But get into the comments on this and other Japan-related stories and it is something else altogether —
The first commenter on the film report sets the tone:
Or, “Let us work together to become strong, and twenty years from now we can go to make a Tokyo Massacre. Thank you.”
Responding to a slightly different story, one very active netizen who depicts himself with this icon and posts a ton about Japan stated his immoderate view:
Or, “All Japanese people are insane with fascism! The time is not distant when these two characters for ‘Japan’ will be wiped off the world map!”
In a different BBS, the same user further shows off his nationalistic colors with a boot-licking sycophantic praise of fomer PRC Premier Zhu Rongji for having scolded the Japanese back in the year 2000. What a great leader! he shouts, oblivious to the deep reserves of hatred felt toward Zhu by scores of 50-something industrial workers in the northeast laid off in the late 1990s by Zhu’s economic reforms and the shedding of SOEs (state-owned industries). But, the poster argues, Zhu’s greatness is obvious, as he brought down the price of a can of Coca-Cola on the mainland.
And the poster gets backed up by people whose avatars look like this, advocating that China remain vigilant about Japan’s desire to retake Diaoyu Island:
It is enthusiasts like this fellow who on Huanqiu’s BBS posted more than 800 entries of research on Japanese war criminals this past August.
In a big story that has not yet made it into the Anglophone press, the mayor of Nagoya, the sister city of Nanking, made statements questioning the number of people killed in the Nanking Massacre, reported here in Chinese. China insists on 300,000, but the mayor, it appears, has a hard time accepting even 30,000 as a viable figure. In fact, he appears to believe that Americans basically fabricated the Nanking Massacre as a pretext for justifying the atomic bombings of Japan.
This is a fairly explosive story! But all that I can find on it in English thus far is an account of a corroborating dinner conversation between the mayor and an Italian NGO head in Japan last month:
Yesterday night we had dinner with the mayor of Nagoya. He’s a brilliant, funny, smart guy; truly a reformer with humour. We had a gorgeous dinner in a smart restaurant and sat down a tatami drinking hot sake. Everything looked perfect until we started talking about the Second World War. Naturally I initiated the argument that while everybody has seen the pics of the bombings in Germany, I’ve never seen anything about Japan except for the nuclear bombs launched in Hiroshima and Nagasaki.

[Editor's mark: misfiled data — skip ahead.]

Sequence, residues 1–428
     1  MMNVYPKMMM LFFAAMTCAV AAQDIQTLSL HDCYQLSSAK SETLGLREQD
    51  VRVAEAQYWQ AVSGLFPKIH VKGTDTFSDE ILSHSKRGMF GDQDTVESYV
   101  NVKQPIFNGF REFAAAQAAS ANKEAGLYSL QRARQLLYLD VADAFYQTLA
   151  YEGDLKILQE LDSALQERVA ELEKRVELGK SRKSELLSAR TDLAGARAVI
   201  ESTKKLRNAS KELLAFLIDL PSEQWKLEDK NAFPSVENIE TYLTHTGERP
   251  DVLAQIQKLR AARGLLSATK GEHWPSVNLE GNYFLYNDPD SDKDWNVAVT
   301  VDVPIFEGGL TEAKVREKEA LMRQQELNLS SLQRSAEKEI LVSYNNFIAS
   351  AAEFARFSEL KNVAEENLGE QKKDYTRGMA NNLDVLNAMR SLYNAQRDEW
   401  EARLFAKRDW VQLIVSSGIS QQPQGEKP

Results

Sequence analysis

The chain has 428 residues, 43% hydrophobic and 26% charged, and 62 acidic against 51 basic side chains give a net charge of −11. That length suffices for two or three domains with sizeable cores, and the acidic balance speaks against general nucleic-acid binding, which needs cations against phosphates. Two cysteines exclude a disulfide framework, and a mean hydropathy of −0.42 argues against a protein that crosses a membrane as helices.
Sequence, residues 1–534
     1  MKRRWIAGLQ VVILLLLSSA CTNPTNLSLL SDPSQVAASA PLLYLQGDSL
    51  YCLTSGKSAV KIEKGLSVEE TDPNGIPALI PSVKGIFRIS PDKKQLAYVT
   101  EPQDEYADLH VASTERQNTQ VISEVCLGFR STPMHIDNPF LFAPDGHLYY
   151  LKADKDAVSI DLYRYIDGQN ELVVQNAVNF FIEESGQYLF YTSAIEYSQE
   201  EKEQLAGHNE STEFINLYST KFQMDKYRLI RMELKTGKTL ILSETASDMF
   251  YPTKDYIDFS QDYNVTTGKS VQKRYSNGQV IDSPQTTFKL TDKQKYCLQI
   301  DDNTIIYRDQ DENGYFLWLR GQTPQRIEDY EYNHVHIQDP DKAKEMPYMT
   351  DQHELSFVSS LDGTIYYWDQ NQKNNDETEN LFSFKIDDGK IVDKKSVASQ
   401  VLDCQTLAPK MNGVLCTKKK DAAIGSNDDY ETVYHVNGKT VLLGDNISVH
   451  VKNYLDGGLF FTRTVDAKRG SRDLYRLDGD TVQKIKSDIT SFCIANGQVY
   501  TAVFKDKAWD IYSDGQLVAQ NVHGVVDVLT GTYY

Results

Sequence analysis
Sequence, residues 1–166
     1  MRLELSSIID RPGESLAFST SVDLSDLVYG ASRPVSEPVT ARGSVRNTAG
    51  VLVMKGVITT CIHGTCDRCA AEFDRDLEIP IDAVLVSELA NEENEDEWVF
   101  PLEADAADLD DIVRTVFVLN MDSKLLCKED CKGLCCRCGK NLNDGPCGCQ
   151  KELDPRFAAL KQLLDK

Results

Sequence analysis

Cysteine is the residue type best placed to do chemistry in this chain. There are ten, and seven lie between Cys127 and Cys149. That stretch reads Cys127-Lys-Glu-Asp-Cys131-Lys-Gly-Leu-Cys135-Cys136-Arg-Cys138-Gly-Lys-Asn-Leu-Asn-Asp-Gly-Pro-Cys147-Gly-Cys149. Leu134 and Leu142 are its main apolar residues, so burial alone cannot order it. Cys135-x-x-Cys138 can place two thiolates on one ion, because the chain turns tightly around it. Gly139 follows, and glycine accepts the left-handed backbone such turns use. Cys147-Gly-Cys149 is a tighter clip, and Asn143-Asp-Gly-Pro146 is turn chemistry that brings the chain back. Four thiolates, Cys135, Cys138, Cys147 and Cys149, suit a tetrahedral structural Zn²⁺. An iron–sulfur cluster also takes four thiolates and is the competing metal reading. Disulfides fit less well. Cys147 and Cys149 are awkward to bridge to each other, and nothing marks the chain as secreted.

When you travel across the country you realize that not much has been left of historical Japan. Even the castles on the top of the mountains have been torn down. This is strange for such a society that is so respectful of the past and traditions. The country must have been heavily bombed. The Americans wanted to humiliate the people by destroying their tradition. This is plausible.
The problem came when we started talking about the evil Americans who made the Japanese look violent and wild by inventing stories such as the Nanking massacre (also known as the Nanjing Massacre). It was explained to me that many Japanese people argue that the event was not true but produced for American propaganda to justify the atomic bombs.
At that point I felt the cultural distance and didn’t know what to replicate. I must confess I don’t know much about Nanking but I compared the accusations with the denial of the German concentration camps. It might be wrong but that was the feeling. Fortunately, Stephen diverted the discussion on to the food. Wise Brit! [Some video of the mayor on Japanese TV is available here.]
On the Nanking front, we have a debate between Huanqiu and what it describes as the “right-wing Japanese newspaper” 《产经新闻》 about its December 2008 front-page photo attempting to debunk the Japanese bombing of Shanghai in 1937. And more intriguing, there is this story about a South Korean scholar who debates with Chinese netizens about Korean participation in the Nanking Massacre. No comments are allowed by Xinhua on the latter story!
Fortunately, a patriotic overseas Chinese in the US, Lu Zhaoning (鲁照宁) has made available 70 unique photos of the Sino-Japanese war and the Nanking massacre. War memory and pan-Chinese sentiment like this can be seen in a longer documentary from 1995 by Nanking television reporters on YouTube. This is very significant stuff, as is the film “In the Name of the Emperor,” available here in Japanese subtitles.